Seth Wilson knows that the devil is in the details, whether you are a real estate investor or a U.S. Air Force pilot. “It might not seem like the two connect at first,” admitted the Air National Guard pilot, owner of Sierra Whiskey Properties (SWP) and a recently-published author.

He went on, “Both as a pilot and as a real estate investor, I would find myself in horrible situations – and when you’re getting started in either career, every crisis, major or minor, is horrible – and I would lie in bed at night trying to think about how to solve these challenges. I would always find the answer to the challenge I was facing in real estate somewhere in my military experience.”

Seth Wilson

Details Matter

Wilson described one particular incident that he later wrote about on his blog and that he decided to include in his book, “Real Estate Flight Plan: A Combat Pilot’s Guide to Navigating Real Estate Success.” He had purchased a property from an owner who had held it for the previous 10 years and had neglected a minor yet meaningful maintenance issue.

“He did not take care of the drainage. Every time it rained, water would dump at the foundation of the property,” Wilson said. The oversight led to serious foundation issues. “All the owner would have had to do was add about $200 in downspout extensions to get the water away from the building. Instead, he had to pay nearly $100,000 to have water-related repairs done before we closed,” said Wilson, noting that he also got a substantial discount on the property thanks to the issue.

The pilot compared the relatively minor expense of adding the downspout extensions and the major cost of failing to do so to a scary incident he experienced in Yuma, Arizona, thanks to another tiny oversight: the failure to flip one single switch. “That switch controls the hydraulics to the parking brake. It’s on the checklist. I had flipped it hundreds of times before,” Wilson recalled.

“When I started the engine in my plane without first flipping that switch, the airplane started to move when it wasn’t supposed to. It turned into a hairy situation because I didn’t flip that tiny little switch.” Little oversights can have huge consequences in real estate as well.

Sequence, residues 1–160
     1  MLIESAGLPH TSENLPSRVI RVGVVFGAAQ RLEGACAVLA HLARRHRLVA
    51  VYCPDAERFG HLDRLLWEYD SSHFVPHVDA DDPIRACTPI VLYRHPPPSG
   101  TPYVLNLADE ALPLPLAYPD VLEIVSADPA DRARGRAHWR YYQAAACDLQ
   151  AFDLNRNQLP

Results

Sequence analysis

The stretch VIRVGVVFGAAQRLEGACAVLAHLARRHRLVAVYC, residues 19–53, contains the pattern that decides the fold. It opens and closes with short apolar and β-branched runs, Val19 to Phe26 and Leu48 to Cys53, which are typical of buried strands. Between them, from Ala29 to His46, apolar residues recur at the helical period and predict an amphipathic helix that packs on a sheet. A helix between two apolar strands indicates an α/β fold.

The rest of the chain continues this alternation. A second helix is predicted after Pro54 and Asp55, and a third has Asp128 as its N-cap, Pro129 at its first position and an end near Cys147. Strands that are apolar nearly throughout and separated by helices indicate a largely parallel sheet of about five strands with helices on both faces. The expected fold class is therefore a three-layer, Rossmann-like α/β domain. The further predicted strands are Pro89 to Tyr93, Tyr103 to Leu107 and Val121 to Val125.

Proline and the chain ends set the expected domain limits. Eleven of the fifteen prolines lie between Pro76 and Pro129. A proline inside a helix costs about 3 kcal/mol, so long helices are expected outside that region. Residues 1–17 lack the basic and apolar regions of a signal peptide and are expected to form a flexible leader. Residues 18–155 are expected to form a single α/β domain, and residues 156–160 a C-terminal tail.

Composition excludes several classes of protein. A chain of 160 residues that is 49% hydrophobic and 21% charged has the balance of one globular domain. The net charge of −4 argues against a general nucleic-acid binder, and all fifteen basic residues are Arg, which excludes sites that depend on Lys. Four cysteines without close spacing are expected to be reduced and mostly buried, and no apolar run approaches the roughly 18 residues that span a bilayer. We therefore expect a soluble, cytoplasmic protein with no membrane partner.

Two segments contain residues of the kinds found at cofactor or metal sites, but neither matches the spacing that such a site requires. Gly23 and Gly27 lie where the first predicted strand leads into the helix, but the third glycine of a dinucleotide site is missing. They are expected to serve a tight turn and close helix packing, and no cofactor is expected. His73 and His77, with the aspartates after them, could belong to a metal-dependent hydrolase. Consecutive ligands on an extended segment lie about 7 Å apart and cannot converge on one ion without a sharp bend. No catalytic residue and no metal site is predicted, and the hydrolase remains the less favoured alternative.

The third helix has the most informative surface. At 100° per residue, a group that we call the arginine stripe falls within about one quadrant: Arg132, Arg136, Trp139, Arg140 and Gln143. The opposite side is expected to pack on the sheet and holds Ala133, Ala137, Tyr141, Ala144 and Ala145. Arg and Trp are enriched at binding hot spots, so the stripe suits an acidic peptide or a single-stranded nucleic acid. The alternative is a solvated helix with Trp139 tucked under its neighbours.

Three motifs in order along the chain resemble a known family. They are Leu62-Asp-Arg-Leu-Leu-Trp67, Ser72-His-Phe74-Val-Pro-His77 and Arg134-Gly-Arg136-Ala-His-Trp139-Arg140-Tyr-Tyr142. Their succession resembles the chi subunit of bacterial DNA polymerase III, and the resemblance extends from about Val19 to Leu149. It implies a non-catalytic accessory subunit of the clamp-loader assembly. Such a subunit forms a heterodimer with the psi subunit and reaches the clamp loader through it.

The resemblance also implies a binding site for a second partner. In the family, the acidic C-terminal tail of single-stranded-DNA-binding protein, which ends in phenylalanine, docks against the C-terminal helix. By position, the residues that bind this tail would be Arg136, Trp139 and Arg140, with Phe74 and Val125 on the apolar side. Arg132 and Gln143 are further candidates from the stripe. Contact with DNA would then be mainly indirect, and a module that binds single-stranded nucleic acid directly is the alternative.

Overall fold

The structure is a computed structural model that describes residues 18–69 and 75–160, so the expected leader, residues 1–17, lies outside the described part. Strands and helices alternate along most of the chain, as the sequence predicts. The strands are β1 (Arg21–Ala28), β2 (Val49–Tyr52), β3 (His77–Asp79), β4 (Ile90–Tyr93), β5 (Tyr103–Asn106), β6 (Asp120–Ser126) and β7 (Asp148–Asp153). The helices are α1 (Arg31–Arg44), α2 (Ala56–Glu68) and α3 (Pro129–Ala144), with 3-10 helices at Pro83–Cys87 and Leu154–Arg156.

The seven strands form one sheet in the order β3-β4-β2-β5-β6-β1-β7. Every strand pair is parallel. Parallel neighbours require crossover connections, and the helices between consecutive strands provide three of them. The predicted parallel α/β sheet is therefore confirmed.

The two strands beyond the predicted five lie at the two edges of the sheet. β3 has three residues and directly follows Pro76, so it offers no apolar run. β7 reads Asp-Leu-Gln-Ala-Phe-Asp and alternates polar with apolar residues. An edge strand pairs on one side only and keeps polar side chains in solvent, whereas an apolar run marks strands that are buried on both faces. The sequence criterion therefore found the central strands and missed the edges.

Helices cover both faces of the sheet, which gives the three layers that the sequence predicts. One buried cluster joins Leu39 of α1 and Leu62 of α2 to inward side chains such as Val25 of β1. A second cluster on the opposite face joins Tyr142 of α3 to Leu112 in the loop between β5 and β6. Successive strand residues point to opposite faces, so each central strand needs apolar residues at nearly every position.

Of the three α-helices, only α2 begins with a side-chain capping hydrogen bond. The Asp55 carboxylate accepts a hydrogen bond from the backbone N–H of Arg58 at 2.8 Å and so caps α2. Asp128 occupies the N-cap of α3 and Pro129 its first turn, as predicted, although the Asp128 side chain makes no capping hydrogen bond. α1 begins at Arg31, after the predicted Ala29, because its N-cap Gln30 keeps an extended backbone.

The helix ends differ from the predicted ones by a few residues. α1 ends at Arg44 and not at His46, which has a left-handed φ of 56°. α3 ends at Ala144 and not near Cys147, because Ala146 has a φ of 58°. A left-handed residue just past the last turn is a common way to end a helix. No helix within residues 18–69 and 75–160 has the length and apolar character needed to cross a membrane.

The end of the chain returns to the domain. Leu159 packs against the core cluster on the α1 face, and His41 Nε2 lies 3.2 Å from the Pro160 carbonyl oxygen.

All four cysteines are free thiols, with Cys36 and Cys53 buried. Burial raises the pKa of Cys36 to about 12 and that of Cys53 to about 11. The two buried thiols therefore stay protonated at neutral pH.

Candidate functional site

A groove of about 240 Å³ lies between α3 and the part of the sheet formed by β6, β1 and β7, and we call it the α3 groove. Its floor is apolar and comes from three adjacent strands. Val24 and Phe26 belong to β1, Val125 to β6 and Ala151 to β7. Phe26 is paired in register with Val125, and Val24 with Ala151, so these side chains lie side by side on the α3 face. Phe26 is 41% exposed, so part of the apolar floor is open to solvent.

Starting Out with a Solid Battle Plan

When Wilson got started in real estate in 2009, he had little thought of getting into multifamily investing. “I started in mobile homes back in 2009 and was looking to start flipping houses, but I had no money and no experience,” he recalled. He developed a unique rent-to-own process for mobile homes.

“People who want to buy mobile homes don’t necessarily have the money for the cash down payment and they also cannot necessarily get a loan,” he said, attributing this common issue to many mobile-home buyers’ lack of credit and also to lenders’ lack of interest in “loaning $10,000 for a piece of personal property, which is what mobile homes technically are.”

Wilson solved that problem for mobile-home buyers and created his niche when he started buying mobile homes for cash. While he did not have a great deal of funding, these purchases were relatively small and, because he paid cash, he was often able to work with highly motivated sellers. “I gave my first seller $1,500 in cash. He signed the title over to me on the hood of his truck and that was the last time I ever saw him,” Wilson remembered. He continued to invest in mobile homes while he learned the necessity of having a complete “battle plan” for real estate. “You need a process to find the right property, market that property, negotiate the sale, and handle the paperwork,” he said.